Depression affects 29 percent of medical residents, study reports

By John Murphy, MDLinx
Published December 8, 2015

Key Takeaways

One quarter to one third of medical residents have depression or symptoms of depression, according to a new study published December 8, 2015 in JAMA. This finding has implications not only for the mental health of physicians, but also for the care their patients will receive, researchers said.

“These findings highlight an important issue in graduate medical education,” the authors wrote, noting that the prevalence of depression in residents is much higher than in the general population. “Because the development of depression has been linked to a higher risk of future depressive episodes and greater long-term morbidity, these findings may affect the long-term health of resident doctors.”

According to the American Foundation for Suicide Prevention, 300 to 400 physicians commit suicide each year—approximately 1 physician per day.

“Depression among residents may also affect patients, given established associations between physician depression and lower-quality care,” the authors added.

In this meta-analysis, researchers reviewed 54 studies published between 1963 and 2015 that looked at the prevalence of depression or depressive symptoms among more than 17,500 resident physicians. The researchers found that prevalence estimates ranged from 21% to 43%, with an overall pooled prevalence of depression or depressive symptoms of 28.8% (4,969/17,560 individuals). Also, depression increased along with the calendar year.

In a secondary analysis of 7 longitudinal studies, depressive symptoms increased after the beginning of residency training. The findings showed no statistically significant differences between interns vs upper-level residents, or nonsurgical vs both nonsurgical and surgical residents.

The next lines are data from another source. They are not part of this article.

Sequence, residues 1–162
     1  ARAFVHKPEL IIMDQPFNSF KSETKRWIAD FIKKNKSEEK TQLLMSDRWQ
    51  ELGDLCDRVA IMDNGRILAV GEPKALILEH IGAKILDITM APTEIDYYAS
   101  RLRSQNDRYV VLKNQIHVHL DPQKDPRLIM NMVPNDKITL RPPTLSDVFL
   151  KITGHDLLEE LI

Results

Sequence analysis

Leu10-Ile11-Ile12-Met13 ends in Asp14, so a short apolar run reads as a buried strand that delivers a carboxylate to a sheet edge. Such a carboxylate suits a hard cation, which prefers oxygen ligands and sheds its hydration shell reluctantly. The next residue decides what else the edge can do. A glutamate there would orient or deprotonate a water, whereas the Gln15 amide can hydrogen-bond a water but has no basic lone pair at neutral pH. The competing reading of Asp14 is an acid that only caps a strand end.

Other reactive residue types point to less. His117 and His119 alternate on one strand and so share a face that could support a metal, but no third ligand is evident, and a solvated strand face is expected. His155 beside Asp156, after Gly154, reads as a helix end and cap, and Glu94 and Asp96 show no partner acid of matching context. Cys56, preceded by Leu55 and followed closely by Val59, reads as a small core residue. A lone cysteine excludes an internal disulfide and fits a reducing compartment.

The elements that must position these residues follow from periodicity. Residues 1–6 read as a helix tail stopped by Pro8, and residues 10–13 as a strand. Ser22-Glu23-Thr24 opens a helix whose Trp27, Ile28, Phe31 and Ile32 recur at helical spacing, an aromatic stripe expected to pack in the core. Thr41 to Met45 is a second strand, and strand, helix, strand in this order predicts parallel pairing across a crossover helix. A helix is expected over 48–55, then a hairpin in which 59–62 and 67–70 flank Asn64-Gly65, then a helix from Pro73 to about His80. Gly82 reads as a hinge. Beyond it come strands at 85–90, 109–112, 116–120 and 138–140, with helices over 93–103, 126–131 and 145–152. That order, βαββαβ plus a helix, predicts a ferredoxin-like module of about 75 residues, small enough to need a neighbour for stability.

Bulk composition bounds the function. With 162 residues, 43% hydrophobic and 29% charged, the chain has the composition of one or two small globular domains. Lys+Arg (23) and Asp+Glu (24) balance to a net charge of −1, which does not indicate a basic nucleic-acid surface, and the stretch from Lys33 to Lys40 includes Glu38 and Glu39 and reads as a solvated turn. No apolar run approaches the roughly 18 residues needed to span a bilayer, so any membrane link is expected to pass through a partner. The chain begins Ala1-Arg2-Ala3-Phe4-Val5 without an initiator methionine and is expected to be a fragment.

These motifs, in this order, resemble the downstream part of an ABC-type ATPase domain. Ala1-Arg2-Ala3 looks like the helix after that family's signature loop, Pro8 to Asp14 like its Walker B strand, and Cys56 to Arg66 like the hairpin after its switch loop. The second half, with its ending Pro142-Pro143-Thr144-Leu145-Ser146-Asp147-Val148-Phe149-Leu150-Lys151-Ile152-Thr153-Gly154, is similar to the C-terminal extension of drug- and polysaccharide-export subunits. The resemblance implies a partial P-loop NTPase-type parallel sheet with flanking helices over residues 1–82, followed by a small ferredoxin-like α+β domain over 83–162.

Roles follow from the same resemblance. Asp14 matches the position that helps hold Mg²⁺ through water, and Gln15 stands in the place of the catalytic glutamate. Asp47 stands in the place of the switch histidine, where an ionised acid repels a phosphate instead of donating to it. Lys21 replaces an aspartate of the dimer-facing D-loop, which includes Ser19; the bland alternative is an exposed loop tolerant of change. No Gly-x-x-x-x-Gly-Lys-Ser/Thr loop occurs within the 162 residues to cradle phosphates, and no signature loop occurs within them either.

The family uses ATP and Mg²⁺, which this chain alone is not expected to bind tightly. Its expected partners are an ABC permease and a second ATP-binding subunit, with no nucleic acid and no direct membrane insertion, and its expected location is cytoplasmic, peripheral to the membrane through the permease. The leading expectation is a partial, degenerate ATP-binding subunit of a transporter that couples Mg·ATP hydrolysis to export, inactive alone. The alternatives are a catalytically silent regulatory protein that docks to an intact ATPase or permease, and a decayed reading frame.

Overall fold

“The increase in depression is surprising and important, especially in light of reforms that have been implemented over the years with the intent of improving the mental health of residents and the health of patients,” said the study’s senior author Srijan Sen, MD, PhD, Associate Professor of Psychiatry at University of Michigan Medical School, in Ann Arbor, MI.

While many medical schools and teaching hospitals have directly addressed student and trainee mental health in recent years, more needs to be done, the authors noted.

“Our findings provide a more accurate measure of the prevalence of depression in this group, and we hope that they will focus attention on factors that may negatively affect the mental health of young doctors, with the goal of identifying strategies to prevent and treat depression among graduate medical trainees,” said the study’s lead author Douglas A. Mata, MD, MPH, a resident physician in pathology at Brigham and Women's Hospital and clinical fellow at Harvard Medical School, in Boston, MA.

In an accompanying editorial in JAMA, Thomas L. Schwenk, MD, Dean of the University of Nevada School of Medicine in Reno, NV, wrote, “The solutions to this endemic can be classified into 3 categories: provide more and better mental health care to depressed physicians and those in training; limit the trainees’ exposure to the training environment and system that are thought to contribute at least in part to poorer mental health and wellness; and consider the possibility that the medical training system needs more fundamental change."

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